Brighouse, West Yorkshire, UK (10 miles from Bradford) a couple of years ago: Locked Garage broken into by 2 lads with bolt croppers. My ex MOT station sent them (Odsal MOT, round the back of the Bradford Bulls Stadium...). Stole 2 bikes: 1 recovered immediately, the other 10 weeks later trashed.

Polis did jack sh!t. Comment by 999 despatcher when wife is on phone: "What's the point of coming to see where the vehicles used to be?" My wife's comment: "They are wheeling the bikes down the drive as I speak; You're looking for 2 bikes, or a van". It was 1am on a Monday morning in October 2008. Not exactly a motorcycle/traffic intensive time of the day/year... The polis managed to get off their fat arses at 6pm on Monday evening to visit my house/garage.

One lad (called Shane Cooper, lives in Bradford, just down the road from Odsal MOT) left a cigarette end outside our house and the polis tracked him using his DNA (He was already on their database for affray). He admitted it. They still let him off as he was only 17 and didn't know the difference between right and wrong...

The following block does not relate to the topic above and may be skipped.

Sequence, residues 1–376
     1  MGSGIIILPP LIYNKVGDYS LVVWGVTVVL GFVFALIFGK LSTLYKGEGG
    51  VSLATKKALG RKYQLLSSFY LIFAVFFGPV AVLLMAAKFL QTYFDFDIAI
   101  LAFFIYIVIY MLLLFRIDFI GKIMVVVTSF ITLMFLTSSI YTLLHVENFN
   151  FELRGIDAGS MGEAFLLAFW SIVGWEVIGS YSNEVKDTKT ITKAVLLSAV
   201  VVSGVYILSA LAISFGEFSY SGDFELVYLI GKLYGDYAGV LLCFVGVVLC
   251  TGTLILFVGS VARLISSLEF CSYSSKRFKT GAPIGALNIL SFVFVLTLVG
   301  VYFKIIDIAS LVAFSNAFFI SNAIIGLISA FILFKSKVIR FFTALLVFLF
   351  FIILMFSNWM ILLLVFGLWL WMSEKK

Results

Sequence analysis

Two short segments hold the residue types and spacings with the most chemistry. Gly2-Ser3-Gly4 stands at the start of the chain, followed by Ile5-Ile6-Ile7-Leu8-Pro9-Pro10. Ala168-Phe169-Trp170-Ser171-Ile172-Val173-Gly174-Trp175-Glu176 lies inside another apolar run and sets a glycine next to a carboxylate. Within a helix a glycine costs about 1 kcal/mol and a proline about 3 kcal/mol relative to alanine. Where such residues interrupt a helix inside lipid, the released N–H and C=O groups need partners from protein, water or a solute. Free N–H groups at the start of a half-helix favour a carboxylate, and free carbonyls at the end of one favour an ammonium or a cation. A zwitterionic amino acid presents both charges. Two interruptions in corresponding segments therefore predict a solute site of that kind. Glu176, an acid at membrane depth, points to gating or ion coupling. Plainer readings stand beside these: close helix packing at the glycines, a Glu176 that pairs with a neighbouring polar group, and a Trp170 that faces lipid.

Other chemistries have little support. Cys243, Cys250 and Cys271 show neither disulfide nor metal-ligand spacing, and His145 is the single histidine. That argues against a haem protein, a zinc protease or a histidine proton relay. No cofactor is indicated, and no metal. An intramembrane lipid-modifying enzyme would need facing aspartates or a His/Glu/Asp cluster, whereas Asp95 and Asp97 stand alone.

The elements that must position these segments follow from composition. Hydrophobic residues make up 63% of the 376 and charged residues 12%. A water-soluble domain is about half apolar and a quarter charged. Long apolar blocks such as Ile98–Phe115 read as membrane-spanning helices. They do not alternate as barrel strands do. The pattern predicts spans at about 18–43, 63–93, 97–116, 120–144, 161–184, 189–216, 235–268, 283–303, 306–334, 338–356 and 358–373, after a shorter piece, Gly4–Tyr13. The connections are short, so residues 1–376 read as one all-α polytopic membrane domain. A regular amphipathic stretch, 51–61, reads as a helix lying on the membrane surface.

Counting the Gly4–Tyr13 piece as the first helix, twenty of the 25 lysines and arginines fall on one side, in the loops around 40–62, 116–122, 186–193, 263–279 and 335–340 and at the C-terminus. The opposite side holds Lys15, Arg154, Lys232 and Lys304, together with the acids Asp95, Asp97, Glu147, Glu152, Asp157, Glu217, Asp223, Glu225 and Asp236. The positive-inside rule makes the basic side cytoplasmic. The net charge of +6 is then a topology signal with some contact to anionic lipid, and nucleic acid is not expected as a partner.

Summary: You're much more likely to have your property stolen in the UK, than in any 3rd World country. The enforcement of the rule of law and the criminal justice system in the UK is sh!t IMHO. ? Rant over...


...and Out.
Chris

Last edited by chris; 8 Dec 2010 at 10:31. Reason: more detail.
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  #8  
Old 8 Dec 2010
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All the above advices are wise and absolutely right.

I'd only add my suggestion which is to park your bike in front of some crowded places such as restaurants, bars and so on.
Possible thieves cannot know if the owner is inside drinking a coffee or having a meal.
I always use to do like this and I can walk around more relaxed (of course, after locking the bike).
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  #9  
Old 8 Dec 2010
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My story: http://www.horizonsunlimited.com/hub...ghlight=stolen

Long story short, rode half way around the world back to Scotland, spent £££s and time getting an Aussie bike registered in UK and as soon as the new reg plate was on it, it got nicked. It was chained to my other bike and covered and in a dead end side street so no through traffic.

Cops never found it or even looked for it despite me giving them a name.